The mentoring scheme is only a small part of the Aarhus model. The idea of the Danish approach to anti-radicalisation is to promote active citizenship, which means that young people should be more included in society and learn that they can contribute to public debates and influence the development of their society. The involvement of local schools and the municipality (kommune) is important because education helps to strengthen students’ participation in the cultural and societal life. As professor of psychology at the University of Aarhus, Preben Bertelsen points out, it is important for individuals to feel that they have a ‘good-enough grip’ on their own and on common life in general. It is this sense of participating and contributing actively to something meaningful in day-to-day life that helps preventing people from turning to radicalised milieus.

The Danish police investigate every possible case of radicalisation that they are informed about (photo: Flickr.com)

The success of the Aarhus model is based on this strong cooperation between schools, social authorities and the police. If a parent or teacher voices concern over a potential case of radicalisation or extremism, the police investigates whether there is indeed a case to be followed or not.

However, the national action plan for preventing and countering extremism and radicalisation (2016) leaves room for cases to be approached individually. According to a report by the Danish Centre for Prevention of Extremism, professionals across Denmark’s 98 communes understand extremism and radicalisation in different ways and consequently also take different measures. Each case is understood and treated in its own context and local authorities tend to intervene at different levels of a case, some earlier than others. This difference has made it difficult to identify the nature and number of cases that the communes deal with on a yearly basis. The report identifies a need to develop a more nuanced understanding of extremism or radicalisation and to give local authorities a better idea of when they should intervene in a particular case.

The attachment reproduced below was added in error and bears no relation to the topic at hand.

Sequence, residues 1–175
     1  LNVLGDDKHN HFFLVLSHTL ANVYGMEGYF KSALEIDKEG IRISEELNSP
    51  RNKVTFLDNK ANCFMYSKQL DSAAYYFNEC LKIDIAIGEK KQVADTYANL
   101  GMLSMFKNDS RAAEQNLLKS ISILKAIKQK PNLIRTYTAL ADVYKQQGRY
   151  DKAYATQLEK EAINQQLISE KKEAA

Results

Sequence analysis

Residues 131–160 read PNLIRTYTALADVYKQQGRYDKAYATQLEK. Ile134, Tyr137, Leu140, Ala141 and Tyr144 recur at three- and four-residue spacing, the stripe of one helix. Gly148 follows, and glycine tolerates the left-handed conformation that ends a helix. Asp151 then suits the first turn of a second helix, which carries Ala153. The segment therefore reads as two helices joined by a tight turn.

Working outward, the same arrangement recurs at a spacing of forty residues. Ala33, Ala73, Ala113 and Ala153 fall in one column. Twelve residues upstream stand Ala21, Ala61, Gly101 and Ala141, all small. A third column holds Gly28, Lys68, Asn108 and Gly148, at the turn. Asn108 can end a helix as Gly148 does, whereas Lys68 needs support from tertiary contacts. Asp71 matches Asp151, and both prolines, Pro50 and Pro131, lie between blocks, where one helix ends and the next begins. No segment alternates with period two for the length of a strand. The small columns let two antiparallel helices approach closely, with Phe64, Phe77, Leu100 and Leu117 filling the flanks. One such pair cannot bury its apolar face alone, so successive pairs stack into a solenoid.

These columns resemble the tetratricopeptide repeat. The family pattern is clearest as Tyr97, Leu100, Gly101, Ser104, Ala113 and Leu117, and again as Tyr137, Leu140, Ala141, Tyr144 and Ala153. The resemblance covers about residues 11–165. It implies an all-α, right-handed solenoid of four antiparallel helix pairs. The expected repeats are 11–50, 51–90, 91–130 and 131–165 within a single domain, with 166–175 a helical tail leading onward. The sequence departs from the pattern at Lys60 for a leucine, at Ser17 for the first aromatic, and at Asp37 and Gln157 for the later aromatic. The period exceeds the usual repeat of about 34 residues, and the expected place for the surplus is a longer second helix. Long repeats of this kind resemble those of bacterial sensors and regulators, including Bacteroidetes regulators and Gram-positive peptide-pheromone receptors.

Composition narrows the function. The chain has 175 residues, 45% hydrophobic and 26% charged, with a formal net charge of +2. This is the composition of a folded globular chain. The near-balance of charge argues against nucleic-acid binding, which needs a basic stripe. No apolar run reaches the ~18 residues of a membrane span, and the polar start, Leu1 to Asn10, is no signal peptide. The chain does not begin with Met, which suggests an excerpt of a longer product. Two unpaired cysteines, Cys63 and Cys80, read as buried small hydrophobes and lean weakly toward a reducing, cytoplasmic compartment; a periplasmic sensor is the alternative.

The Aarhus model works

The Danish intelligence service’s centre for the analysis of terror still rates the terror threat to Denmark as significant. The government’s latest national action plan ‘preventing and countering extremism and radicalisation’, which was published in October 2016 is a testimony to the continued focus on this threat. At the same time, however, both the national action plan and the “Aarhus model” have contributed to reducing the number of young radicals that travel abroad as foreign fighters. According to Kilic, and the Commissioner of the East Jutland Police, Allan Aarslev, the number of foreign fighters that traveled from Denmark to Syria was highest in 2012 and 2013, when roughly 30 individuals made the journey. However, since 2016 not a single person has left as a foreign fighter. Aarslev and the Aarhus municipality (Aarhus kommune) still encounter cases of radicalisation, but at a stage where the preventive part of the Aarhus model can still have an impact.

Based on these numbers, the East Jutland Police consider the Aarhus model as a success story. According to Kilic also, many young people like Mohammed have strongly benefitted from the project. In the immediate years after Mohammed stopped needing the mentoring sessions, he traveled to different countries with Kilic to promote the Aarhus model and to talk about his experience. As he and Kilic finish their talk at the Free Forum meeting, they show photos of the various events that they participated in together, and Mohammed talks about the job that he has since found and that he has already had for several years.